UK and Israel agree to stop Iran developing nuclear weapons

Departing British PM Boris Johnson spoke with Yair Lapid after his appointment as Israeli leader this month

A missile is launched during an exercise at an undisclosed location in south-western Iran. Photo: IRGC / Wana
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Iran must not be allowed to acquire nuclear weapons, British Prime Minister Boris Johnson and new Israeli leader Yair Lapid said in a call on Tuesday.

And Britain is encouraging Tehran to return to the deal that put limits on its nuclear programme as soon as possible.

Mr Lapid and Mr Johnson discussed the partnership between the two countries and agreed that negotiations over a free-trade agreement would take co-operation between the states to new heights.

The pair touched on Mr Johnson’s imminent departure as prime minister, with the British leader assuring Mr Lapid that the UK-Israel relationship would continue to be of huge importance to his successor.

Ukraine was also on the agenda during the call and the leaders underscored their support for the Ukrainian people, with Mr Johnson welcoming Israel’s humanitarian efforts towards the country.

He also stressed the need for all nations to continue to put pressure on Russian President Vladimir Putin’s regime, including through sanctions.

Also on Tuesday, EU foreign policy chief Josep Borrell said he had submitted a draft text of a deal on Iran's nuclear programme, urging parties to accept it or "risk a dangerous nuclear crisis".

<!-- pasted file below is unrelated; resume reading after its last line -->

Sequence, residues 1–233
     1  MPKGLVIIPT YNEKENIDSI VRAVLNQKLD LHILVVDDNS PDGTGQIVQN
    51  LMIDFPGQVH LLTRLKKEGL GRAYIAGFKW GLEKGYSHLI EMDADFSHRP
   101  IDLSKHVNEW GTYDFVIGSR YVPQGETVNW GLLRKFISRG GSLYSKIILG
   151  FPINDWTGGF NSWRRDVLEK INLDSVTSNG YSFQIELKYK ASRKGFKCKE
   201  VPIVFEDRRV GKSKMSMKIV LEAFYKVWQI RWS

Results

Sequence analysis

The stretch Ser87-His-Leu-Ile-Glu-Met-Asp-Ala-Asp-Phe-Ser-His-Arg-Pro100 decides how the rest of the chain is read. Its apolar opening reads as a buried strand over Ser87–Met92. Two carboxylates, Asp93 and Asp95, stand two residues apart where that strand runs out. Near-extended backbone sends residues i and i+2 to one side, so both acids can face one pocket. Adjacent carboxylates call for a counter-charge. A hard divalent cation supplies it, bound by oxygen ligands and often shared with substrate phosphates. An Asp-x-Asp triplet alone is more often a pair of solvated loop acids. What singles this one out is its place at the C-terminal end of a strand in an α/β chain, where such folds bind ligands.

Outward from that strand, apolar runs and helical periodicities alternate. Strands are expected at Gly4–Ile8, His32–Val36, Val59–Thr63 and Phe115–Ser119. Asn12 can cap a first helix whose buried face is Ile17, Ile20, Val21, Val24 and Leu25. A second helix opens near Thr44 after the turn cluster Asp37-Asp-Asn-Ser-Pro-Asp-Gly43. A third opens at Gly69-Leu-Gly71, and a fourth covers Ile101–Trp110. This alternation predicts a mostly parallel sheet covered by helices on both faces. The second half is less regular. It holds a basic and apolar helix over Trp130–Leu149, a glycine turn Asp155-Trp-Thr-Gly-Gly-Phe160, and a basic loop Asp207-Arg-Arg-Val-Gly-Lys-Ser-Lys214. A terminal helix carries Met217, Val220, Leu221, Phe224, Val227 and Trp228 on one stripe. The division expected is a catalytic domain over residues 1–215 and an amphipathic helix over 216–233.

Iran warned on Monday that it would not be rushed into a "quick" deal reviving its faltering 2015 nuclear accord with world powers, as negotiations in Vienna remain deadlocked.

"This text represents the best possible deal that I, as facilitator of the negotiations, see as feasible," Mr Borrell wrote in the Financial Times.

"It is not a perfect agreement, but it addresses all essential elements and includes hard-won compromises by all sides".

Iran's chief nuclear negotiator Ali Bagheri wrote on Twitter on Tuesday: "The co-ordinator has shared his ideas to conclude the negotiations.

"We, too, have our own ideas, both in substance and form, to conclude the negotiations which would be shared."

The 2015 deal gave Iran sanctions relief in exchange for curbs on its atomic programme to guarantee that it could not develop a nuclear weapon, an ambition which it has always denied.

But after then-US president Donald Trump withdrew from the accord in 2018 and Washington reimposed biting economic sanctions, Iran began to renege on its own commitments.

Talks in Vienna that started in April 2021 to restore the deal have stalled since March amid differences between Tehran and Washington.

The two sides negotiated indirectly through the EU co-ordinator.

Mr Borrell said the draft text "addresses, in precise detail, the sanctions lifting as well as the nuclear steps needed to restore" the deal.

He said it might not address all of the US concerns about Iran, and that there were serious reservations in Tehran about implementing a deal "after the negative experience of recent years".

But Mr Borrell said decisions must be made now.

"If the deal is rejected, we risk a dangerous nuclear crisis, set against the prospect of increased isolation for Iran and its people," he said.

"It is our joint responsibility to conclude the deal."

Updated: July 26, 2022, 11:38 PM